That makes no sense.

    The term is "loop". No current flows without it. The more general term Is "network".
    You still haven't understood practical voltage dividers.
    Last edited: Nov 22, 2014
  10. Layman Totally Internally Reflected Valued Senior Member

    Transistors are very sensitive to have the correct amount of small voltages to create the bias in them. If the first transistor was off, it would have a very large voltage across the base and emitter. I think that would be too high of a voltage difference to activate it.
  11. leopold Valued Senior Member

    coils do not make the field rotate.
    they concentrate the field.
    they also offer a varying resistance to AC called inductive reactance which increases as the frequency is increased.
    a difference of potential no way implies a current.
    a charged capacitor for example.
  12. Layman Totally Internally Reflected Valued Senior Member

    I specialized in interpreting circuit diagrams to know what type of signals would be present in them in order to troubleshoot them as a technician. Often times engineers have problems doing this, and I have heard of engineers not getting jobs as technicians because of this. Then you assume everything they said was correct, and everything I said was wrong. I think we have both learned some things here from each other, and it seems like it has been a good opportunity to refresh on the subject.
  13. Layman Totally Internally Reflected Valued Senior Member

    A capacitor works in a lot of the same way as the symbol dictates. A capacitor is an open circuit (gap in the line). Current cannot flow between this gap in a DC circuit because of this. Although, one plate in the capacitor can create a magnetic field that will affect the other plate. Then AC can pass through the capacitor as though that line is connected. The other plate can "feel" the changes in the voltage of the other side and alter the other side to match. Then in no way does a charged capacitor prove that a voltage difference doesn't allow for current. Current isn't allowed in a DC circuit with a capacitor, because there is a gap in the line preventing it. Then capacitors do not make use of rotating magnetic fields...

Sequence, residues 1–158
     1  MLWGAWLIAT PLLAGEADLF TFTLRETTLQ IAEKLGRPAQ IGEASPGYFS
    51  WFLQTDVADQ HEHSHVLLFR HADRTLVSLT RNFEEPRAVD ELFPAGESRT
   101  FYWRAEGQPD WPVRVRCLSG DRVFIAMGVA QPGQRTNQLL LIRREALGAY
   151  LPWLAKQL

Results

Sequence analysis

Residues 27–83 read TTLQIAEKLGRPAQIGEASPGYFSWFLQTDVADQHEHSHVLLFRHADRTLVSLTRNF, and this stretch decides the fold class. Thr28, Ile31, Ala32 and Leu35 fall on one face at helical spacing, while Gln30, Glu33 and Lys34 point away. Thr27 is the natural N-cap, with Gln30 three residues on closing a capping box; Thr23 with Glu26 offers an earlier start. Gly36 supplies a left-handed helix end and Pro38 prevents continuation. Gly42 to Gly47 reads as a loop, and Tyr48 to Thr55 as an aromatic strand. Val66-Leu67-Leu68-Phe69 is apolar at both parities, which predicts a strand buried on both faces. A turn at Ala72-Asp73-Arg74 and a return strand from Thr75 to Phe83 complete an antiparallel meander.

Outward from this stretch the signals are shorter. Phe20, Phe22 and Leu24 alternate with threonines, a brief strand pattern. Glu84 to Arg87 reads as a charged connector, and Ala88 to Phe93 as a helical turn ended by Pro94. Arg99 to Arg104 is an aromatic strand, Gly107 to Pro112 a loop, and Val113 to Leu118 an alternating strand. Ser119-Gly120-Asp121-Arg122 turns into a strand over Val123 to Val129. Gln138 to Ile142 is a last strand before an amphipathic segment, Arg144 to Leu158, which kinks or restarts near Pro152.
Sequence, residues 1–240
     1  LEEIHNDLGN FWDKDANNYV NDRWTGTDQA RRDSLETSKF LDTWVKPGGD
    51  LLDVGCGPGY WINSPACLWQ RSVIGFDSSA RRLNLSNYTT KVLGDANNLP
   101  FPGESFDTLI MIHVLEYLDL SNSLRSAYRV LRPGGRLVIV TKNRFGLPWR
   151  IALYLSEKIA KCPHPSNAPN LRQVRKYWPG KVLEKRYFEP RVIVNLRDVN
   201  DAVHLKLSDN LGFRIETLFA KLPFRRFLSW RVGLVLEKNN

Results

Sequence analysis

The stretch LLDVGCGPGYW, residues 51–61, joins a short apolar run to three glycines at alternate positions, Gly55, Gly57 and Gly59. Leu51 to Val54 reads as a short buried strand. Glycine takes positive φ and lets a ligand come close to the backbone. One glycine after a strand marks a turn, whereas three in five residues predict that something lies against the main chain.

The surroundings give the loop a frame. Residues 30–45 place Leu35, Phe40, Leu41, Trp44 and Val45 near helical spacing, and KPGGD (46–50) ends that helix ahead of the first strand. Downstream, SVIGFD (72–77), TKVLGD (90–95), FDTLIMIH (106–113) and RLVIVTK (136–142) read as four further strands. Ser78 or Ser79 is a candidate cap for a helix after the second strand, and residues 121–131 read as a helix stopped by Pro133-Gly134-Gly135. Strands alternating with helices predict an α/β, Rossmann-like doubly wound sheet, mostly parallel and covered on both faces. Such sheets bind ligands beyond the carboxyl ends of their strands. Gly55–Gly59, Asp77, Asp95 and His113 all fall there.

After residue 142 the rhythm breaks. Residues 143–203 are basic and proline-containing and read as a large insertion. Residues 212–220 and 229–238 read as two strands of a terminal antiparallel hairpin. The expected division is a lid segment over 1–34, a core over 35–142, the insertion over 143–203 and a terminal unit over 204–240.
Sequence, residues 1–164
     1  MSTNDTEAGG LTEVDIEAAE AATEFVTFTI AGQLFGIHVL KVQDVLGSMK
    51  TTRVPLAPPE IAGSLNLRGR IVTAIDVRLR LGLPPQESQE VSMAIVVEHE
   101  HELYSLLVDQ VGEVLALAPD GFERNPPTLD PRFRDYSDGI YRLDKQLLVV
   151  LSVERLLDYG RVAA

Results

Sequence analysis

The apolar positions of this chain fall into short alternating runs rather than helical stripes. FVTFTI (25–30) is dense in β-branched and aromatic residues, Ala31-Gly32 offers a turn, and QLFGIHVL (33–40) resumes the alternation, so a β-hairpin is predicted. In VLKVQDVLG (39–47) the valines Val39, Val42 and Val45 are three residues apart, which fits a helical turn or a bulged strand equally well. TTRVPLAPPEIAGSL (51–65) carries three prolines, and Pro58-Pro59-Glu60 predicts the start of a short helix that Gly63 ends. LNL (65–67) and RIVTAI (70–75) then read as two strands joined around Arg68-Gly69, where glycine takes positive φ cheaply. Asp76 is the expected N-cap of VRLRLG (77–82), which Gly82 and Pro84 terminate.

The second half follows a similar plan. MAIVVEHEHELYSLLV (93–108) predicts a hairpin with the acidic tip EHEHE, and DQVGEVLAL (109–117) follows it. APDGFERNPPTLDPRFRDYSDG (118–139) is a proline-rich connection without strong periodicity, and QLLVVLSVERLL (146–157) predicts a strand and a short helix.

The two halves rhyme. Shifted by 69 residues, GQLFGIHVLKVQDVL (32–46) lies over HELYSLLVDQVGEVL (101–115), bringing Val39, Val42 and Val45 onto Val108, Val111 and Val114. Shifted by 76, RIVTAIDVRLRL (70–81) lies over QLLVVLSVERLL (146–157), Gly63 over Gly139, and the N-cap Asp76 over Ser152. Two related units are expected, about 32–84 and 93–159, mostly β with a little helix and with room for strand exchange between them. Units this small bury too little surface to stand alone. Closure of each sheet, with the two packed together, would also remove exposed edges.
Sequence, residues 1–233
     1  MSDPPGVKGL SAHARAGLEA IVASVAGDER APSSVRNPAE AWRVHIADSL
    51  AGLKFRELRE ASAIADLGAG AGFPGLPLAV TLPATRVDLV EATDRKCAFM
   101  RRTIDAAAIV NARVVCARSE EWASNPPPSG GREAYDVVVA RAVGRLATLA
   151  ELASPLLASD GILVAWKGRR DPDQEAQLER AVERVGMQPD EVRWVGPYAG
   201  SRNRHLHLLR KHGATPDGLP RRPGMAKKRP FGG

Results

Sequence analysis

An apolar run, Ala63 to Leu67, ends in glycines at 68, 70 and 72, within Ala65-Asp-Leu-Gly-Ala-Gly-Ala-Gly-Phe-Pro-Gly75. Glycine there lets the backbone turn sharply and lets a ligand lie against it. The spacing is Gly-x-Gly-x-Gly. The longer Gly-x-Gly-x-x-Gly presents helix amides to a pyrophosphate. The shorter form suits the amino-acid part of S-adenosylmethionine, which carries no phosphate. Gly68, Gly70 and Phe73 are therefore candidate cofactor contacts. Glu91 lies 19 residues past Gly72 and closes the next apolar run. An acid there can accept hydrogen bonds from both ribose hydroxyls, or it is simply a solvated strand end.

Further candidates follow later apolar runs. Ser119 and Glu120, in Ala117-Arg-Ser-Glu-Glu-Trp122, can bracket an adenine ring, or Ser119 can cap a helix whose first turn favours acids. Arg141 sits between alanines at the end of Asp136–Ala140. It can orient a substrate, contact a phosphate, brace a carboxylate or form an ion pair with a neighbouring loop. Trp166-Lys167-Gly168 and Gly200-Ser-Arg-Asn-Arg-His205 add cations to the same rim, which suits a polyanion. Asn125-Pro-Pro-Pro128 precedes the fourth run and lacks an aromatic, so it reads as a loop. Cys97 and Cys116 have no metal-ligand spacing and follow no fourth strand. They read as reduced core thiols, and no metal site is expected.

On the other hand, current could flow through a capictor with a constant voltage if the voltage is high enough to create a spark between the two plates, like lightning for instance.
  14. Trippy ALEA IACTA EST Staff Member

    Key word there is often times. I've designed circuits and artwork from scratch, I was also the only person in a class of thirty to pick up a flaw in a circuit template designed by the instructor.
  15. billvon Valued Senior Member

    Depends on the drive signal. In this case since the output of the Hall sensor is almost certainly an open-collector low side driver, the two drive signals will be effectively identical.

    Uh . . . yes. Small differences in circuits do change how it works. Which is why I think it's pretty dumb to say "but if you think this circuit looks like this one, your obviously suffering from some sort of brain damage!" If you are really evaluating a circuit on "how it looks" or how much it looks like some other circuit you will be wrong almost every time. You have to be able to analyze the circuit from first principles.
  16. Layman Totally Internally Reflected Valued Senior Member